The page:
Quotations About / On:
One mustn't ask apple trees for oranges, France for sun, women for love, life for happiness.
(Gustave Flaubert (1821-1880), French novelist. Trans. by William G. Allen. Pensées de Gustave Flaubert, p. 3, Conard (1915).)
Happiness is often hard-hearted.
(Mason Cooley (b. 1927), U.S. aphorist. City Aphorisms, Tenth Selection, New York (1992).)
Lovers who love truly do not write down their happiness.
(Anatole France (1844-1924), French author. "The Log, November 30, 1859," The Crime of Sylvestre Bonnard (1881).)
Happiness serves hardly any other purpose than to make unhappiness possible.
(Marcel Proust (1871-1922), French novelist. "Time Regained," vol. 12, ch. 3, Remembrance of Things Past (1927), trans. by Stephen Hudson (1931).)
Pleasure usually comes when called, but not happiness.
(Mason Cooley (b. 1927), U.S. aphorist. City Aphorisms, Seventh Selection, New York (1990).)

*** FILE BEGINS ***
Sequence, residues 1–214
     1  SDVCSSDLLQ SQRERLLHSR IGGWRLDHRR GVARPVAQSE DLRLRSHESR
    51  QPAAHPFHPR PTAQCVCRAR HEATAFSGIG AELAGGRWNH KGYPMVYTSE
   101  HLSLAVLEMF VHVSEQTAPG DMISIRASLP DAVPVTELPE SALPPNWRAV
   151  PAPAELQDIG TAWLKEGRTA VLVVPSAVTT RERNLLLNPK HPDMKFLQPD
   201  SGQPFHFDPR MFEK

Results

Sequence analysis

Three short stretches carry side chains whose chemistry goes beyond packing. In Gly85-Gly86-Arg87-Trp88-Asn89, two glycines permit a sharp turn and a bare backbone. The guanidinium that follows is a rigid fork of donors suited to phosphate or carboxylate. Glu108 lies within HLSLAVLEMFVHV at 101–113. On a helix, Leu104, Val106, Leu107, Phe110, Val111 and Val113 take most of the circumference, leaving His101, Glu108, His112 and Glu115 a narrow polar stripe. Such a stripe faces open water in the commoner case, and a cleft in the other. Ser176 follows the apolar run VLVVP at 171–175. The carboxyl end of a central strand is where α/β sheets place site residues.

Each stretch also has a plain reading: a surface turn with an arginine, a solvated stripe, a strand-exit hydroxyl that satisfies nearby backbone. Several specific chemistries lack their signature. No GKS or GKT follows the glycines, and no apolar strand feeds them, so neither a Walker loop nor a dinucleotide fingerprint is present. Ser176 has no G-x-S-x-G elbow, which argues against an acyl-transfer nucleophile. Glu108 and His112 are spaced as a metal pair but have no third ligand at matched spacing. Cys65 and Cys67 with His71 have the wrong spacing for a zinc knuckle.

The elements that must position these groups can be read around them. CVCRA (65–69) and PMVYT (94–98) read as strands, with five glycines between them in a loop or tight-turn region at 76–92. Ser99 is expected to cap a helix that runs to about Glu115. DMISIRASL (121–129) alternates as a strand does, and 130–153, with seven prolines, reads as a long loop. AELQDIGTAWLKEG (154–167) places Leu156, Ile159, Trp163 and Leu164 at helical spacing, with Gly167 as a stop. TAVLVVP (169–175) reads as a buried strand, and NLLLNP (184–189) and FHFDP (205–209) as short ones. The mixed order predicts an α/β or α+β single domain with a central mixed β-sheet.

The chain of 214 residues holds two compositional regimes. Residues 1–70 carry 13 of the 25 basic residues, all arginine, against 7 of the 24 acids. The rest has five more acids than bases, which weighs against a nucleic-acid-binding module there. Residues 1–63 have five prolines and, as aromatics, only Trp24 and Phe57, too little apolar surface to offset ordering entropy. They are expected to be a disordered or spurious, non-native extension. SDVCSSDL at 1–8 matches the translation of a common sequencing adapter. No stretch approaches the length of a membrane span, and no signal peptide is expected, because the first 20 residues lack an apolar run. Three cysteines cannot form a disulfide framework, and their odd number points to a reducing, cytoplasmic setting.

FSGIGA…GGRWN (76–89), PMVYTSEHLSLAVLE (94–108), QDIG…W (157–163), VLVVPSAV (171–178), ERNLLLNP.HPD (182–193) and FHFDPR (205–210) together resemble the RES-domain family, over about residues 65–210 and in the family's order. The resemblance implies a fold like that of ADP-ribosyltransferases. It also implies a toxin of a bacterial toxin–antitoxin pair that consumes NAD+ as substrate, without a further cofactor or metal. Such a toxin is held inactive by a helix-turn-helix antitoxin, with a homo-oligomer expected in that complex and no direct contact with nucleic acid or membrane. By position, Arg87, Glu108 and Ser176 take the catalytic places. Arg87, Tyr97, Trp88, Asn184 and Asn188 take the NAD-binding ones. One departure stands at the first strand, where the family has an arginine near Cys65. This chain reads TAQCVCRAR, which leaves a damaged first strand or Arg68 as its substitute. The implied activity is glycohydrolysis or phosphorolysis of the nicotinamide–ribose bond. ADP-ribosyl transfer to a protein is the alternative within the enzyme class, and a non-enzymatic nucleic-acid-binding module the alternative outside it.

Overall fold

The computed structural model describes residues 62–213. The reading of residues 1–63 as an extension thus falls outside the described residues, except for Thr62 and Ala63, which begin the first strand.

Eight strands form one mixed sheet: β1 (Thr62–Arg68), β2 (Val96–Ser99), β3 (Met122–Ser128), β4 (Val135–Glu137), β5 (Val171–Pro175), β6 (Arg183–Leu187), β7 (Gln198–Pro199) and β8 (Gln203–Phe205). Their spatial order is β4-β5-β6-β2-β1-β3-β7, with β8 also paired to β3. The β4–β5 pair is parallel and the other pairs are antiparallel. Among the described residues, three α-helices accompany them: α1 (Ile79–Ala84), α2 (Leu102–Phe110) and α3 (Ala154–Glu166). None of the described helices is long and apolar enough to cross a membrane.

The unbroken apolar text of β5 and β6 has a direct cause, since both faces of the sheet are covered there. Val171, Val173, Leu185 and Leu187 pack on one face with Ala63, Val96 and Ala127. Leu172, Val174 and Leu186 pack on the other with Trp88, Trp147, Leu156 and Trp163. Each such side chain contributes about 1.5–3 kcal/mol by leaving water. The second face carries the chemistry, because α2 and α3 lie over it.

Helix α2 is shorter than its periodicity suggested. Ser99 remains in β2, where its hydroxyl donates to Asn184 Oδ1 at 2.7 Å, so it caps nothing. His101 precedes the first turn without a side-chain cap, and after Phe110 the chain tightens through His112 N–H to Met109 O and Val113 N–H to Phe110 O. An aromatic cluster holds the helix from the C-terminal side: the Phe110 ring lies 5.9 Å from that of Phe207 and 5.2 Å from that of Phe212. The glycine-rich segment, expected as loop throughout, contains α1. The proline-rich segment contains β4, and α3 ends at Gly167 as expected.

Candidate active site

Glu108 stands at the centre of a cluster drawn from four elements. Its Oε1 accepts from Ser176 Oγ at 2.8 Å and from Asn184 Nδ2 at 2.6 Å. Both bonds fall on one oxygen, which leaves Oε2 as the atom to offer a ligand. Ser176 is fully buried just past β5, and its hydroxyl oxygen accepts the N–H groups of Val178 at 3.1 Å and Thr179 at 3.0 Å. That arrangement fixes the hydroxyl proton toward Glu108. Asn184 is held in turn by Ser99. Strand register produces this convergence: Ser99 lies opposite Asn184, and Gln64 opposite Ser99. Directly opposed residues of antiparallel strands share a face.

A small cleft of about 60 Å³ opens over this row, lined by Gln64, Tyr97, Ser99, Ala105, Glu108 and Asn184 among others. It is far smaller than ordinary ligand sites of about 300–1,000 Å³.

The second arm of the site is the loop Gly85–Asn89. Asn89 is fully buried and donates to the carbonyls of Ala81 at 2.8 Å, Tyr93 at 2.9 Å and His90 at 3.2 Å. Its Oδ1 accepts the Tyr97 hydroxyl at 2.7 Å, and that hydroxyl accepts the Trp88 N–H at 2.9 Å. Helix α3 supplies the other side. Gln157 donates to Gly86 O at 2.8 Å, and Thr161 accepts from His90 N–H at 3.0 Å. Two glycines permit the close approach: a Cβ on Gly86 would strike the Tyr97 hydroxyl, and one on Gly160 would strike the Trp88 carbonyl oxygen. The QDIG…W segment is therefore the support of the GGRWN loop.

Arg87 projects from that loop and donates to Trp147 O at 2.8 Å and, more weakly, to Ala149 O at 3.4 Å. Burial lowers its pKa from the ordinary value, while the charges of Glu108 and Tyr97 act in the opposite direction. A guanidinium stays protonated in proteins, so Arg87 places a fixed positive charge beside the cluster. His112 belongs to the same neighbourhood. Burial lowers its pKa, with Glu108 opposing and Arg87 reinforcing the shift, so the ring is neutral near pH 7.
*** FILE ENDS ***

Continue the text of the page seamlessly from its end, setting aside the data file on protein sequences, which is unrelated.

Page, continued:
There is an excess both in happiness and misery above our power of sensation.
(François, Duc De La Rochefoucauld (1613-1680), French writer, moralist. repr. F.A. Stokes Co., New York (c. 1930). Moral Maxims and Reflections, no. 466 (1665-1678), trans. London (1706).)
What is happiness?The feeling that power is growing, that a resistance is being overcome.
(Friedrich Nietzsche (1844-1900), German philosopher, classical scholar, critic of culture. Friedrich Nietzsche, Sämtliche Werke: Kritische Studienausgabe, vol. 6, p. 170, eds. Giorgio Colli and Mazzino Montinari, Berlin, de Gruyter (1980). The Antichrist, section 2 (prepared for publication 1888, published 1895).)
The search for happiness is one of the chief sources of unhappiness.
(Eric Hoffer (1902-1983), U.S. philosopher. The Passionate State of Mind, aph. 280 (1955).)
Dancing and running shake up the chemistry of happiness.
(Mason Cooley (b. 1927), U.S. aphorist. City Aphorisms, Third Selection, New York (1986).)
Not romance but companionship makes the happiness of daily life.
(Mason Cooley (b. 1927), U.S. aphorist. City Aphorisms, New York (1984).)